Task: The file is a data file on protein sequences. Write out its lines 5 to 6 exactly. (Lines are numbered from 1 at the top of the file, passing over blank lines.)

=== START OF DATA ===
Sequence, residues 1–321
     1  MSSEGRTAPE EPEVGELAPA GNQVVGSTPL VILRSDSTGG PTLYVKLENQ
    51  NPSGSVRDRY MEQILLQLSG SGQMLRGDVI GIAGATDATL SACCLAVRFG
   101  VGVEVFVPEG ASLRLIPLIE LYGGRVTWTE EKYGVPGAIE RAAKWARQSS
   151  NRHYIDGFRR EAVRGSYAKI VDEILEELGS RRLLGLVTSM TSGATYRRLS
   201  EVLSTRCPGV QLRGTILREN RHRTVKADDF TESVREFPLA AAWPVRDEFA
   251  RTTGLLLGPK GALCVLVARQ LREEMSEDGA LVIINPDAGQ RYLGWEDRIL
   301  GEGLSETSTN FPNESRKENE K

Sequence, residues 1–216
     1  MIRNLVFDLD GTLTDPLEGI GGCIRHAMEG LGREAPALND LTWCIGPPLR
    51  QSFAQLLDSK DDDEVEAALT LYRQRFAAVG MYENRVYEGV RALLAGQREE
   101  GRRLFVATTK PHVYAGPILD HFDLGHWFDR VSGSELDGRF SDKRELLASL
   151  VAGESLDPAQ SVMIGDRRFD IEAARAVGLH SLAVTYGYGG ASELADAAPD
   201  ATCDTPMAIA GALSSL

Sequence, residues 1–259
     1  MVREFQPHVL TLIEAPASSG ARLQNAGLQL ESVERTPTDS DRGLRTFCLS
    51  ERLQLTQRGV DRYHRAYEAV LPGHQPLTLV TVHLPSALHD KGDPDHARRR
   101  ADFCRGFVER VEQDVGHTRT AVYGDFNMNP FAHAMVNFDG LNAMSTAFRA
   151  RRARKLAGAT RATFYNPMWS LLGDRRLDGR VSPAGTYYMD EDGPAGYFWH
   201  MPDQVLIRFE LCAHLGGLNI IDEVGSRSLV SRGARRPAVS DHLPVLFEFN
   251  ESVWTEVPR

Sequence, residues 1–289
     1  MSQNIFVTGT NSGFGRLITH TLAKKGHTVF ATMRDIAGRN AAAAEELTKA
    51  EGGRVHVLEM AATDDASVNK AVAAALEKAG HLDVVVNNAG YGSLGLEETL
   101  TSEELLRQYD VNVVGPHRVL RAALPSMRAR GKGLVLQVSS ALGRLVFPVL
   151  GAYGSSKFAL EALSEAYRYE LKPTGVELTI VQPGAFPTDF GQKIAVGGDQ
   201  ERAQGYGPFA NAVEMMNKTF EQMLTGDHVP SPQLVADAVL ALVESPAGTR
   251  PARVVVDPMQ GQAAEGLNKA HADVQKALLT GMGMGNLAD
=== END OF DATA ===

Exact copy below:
   151  NRHYIDGFRR EAVRGSYAKI VDEILEELGS RRLLGLVTSM TSGATYRRLS
   201  EVLSTRCPGV QLRGTILREN RHRTVKADDF TESVREFPLA AAWPVRDEFA